There aren’t many independent or second-hand bookstores around these days…which is sad. Owning a bookstore has always been a sort of dream gig to me. The thought that I could spend the day surrounded by books, tea and an occasional customer to chat with – well, that’s my idea of heaven.

For anyone who’s ever been to Halifax, Nova Scotia, JWD Books on Barrington is likely familiar.

And good news – they’re not closing, they’re moving.

Check it out.

26/365 – bad reviews

Apparently there was a bit of a kerfluffle on GoodReads a few days back. The gist of the whole thing was that someone took offence to a negative review. The Guardian posted a tidy little summary about whole thing here.

I’ve certainly written my share of negative reviews. So what? Who am I? I am just one voice in a million and I have no special expertise…just my own subjective point of view. I’m a reader; I know what I like.  I can’t imagine my negative feelings will have any impact on an author’s popularity – if I had that much power Dan Brown wouldn’t have sold a bazillion copies of The DaVinci Code and Stephanie Meyer would have called it a day after Twilight. Sadly, I don’t have that much power.

Poor reviews don’t hurt sales, anyway. Check this best seller list out!

The Uncommon Reader – Alan Bennett

Imagine if the Queen had only discovered reading later in life? That’s the premise of Alan Bennett’s lovely novella, The Uncommon Reader. While taking her corgis for a walk, the Queen happens upon a mobile library parked near Buckingham Palace. Intrigued, she boards the bus and meets Mr. Hutchings, the library’s driver and  Norman, a young man who works in her kitchen.  She feels duty-bound to select a book, but when asked what kind of book she likes her response is, essentially, that she doesn’t know.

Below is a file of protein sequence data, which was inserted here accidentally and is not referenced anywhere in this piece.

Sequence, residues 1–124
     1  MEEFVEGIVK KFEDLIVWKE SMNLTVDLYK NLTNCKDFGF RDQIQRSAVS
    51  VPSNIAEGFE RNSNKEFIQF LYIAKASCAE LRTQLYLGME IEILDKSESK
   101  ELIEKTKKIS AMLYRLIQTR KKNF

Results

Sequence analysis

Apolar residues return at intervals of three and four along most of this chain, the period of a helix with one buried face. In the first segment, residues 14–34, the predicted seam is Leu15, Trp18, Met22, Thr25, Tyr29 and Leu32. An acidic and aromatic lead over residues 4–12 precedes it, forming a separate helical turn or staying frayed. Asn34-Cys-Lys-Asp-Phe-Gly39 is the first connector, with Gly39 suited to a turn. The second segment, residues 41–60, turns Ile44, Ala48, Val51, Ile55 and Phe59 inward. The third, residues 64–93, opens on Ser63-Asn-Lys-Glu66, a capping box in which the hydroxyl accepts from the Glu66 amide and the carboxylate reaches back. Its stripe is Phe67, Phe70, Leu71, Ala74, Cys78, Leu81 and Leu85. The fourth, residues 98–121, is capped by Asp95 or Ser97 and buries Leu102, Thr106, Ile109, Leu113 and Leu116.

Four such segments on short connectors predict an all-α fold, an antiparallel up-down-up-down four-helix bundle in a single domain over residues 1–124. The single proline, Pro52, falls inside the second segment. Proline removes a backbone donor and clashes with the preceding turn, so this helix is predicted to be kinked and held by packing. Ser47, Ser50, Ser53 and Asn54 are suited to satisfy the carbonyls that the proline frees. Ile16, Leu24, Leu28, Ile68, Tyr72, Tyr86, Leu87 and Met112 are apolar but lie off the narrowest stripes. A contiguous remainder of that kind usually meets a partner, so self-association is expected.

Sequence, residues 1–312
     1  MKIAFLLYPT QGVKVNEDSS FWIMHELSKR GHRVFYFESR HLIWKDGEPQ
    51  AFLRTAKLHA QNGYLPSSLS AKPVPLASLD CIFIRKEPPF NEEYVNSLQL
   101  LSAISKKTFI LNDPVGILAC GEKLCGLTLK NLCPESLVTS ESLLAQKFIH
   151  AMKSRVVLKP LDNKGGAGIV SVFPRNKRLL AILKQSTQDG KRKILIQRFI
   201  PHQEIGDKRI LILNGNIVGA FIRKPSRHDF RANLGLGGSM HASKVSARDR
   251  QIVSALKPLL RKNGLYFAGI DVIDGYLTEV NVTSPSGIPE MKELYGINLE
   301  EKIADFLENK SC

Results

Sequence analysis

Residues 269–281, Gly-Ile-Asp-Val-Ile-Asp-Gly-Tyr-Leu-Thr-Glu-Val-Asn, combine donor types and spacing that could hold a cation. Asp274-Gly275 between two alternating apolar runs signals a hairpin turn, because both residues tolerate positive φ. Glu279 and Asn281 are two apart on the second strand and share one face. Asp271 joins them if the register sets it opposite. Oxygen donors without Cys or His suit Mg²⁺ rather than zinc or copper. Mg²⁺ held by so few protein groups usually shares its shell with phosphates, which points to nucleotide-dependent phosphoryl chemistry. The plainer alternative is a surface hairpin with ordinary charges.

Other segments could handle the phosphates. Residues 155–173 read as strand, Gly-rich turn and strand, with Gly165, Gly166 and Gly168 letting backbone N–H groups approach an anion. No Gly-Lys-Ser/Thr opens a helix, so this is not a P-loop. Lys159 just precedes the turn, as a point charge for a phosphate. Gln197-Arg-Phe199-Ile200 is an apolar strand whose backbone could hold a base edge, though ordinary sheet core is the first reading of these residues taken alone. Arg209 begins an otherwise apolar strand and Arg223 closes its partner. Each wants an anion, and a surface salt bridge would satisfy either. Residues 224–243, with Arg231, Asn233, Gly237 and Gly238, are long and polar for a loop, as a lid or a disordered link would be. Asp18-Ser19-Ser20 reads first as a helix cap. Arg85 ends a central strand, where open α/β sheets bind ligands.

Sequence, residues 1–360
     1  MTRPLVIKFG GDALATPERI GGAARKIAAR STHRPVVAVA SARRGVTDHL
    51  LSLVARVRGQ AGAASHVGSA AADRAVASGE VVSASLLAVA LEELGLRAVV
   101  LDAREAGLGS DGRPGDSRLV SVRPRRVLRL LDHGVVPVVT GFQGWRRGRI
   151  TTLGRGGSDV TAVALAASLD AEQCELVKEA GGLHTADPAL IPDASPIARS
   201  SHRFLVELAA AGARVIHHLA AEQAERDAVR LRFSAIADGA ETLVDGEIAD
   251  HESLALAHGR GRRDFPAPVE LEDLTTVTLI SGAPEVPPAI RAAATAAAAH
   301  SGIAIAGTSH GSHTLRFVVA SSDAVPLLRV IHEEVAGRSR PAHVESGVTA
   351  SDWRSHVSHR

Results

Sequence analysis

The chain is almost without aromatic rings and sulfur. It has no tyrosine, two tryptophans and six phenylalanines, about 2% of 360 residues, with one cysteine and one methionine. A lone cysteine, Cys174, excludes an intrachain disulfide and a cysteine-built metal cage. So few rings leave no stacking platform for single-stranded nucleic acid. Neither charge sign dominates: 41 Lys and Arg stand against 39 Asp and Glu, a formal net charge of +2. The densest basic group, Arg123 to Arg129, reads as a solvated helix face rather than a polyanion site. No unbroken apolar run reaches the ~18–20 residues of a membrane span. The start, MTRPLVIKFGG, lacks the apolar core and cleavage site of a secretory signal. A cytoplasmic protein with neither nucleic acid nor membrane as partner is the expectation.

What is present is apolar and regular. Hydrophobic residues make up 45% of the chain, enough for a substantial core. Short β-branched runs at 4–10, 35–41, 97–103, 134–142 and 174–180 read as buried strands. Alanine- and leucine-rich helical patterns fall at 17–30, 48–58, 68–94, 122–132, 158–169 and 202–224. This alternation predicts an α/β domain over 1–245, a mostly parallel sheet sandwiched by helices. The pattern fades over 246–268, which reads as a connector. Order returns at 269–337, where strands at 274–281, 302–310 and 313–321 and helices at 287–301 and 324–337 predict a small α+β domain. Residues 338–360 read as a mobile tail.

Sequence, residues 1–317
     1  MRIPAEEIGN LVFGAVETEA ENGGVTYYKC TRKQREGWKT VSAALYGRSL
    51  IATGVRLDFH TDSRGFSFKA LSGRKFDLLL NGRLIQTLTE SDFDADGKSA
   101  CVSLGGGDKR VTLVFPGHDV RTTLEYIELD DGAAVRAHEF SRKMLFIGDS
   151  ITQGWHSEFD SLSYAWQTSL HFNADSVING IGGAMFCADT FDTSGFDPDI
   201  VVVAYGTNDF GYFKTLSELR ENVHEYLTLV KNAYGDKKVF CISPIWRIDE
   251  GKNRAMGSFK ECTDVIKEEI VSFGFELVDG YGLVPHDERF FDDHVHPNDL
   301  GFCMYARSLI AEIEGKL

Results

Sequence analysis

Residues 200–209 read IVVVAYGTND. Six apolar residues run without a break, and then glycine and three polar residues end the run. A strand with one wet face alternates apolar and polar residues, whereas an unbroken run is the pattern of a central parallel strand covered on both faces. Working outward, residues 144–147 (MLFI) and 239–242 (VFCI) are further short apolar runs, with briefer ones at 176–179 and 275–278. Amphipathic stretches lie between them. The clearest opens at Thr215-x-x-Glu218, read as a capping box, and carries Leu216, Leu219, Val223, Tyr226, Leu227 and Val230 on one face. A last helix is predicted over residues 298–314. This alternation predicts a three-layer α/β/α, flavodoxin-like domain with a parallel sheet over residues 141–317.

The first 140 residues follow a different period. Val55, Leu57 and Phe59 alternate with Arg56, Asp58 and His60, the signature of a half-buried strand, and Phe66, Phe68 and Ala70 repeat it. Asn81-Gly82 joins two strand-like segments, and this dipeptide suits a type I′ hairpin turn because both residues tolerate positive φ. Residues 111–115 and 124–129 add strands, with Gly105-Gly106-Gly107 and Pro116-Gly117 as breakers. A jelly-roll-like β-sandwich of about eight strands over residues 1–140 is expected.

She’d never taken much interest in reading. She read, of course, as one did, but liking books was something she left to other people. It was a hobby  and it was in the nature of her job that she didn’t have hobbies.

The Queen casts about, looking for something to borrow and discovers a name she recognizes.

“Ivy Compton-Burnett! I can read that.’ She took the book out and gave it to Mr.  Hutchings to stamp.

“What a treat!” she hugged it unconvincingly before opening it. “Oh. The last time it was taken out was 1989.”

“She’s not a popular author, ma’am.”

“Why, I wonder? I made her a dame.”

The Uncommon Reader is full of laugh out loud moments like this one and is, in fact, an utterly charming book. The Queen, despite a rather rocky beginning, turns into a voracious reader. She promotes Norman from the kitchen to a new position, a sort of personal assistant, and that causes all sorts of problems with other staff members.

For a while nothing comes between the Queen and her books. Like all devoted readers, she’s never without one and dinner party conversations invariably turn to the topic of what people are reading. Instead of being told about the books of authors she  meets, the Queen now wants to read their work.

“But ma’am must have been briefed, surely?”

“Of course, ” said the Queen, “but briefing is not reading. In fact it is the antithesis of reading. Briefing is terse, factual and to the point. Reading is untidy, discursive and perpetually inviting. Briefing closes down a subject, reading opens it up.”

The Uncommon Reader is a love letter to reading.

“Books are not about passing the time,” she admonishes Sir Kevin. “They’re about other lives. Other worlds.”

The Queen proves to be, at the end of the day, just like the rest of us who couldn’t imagine a life without books.

25/365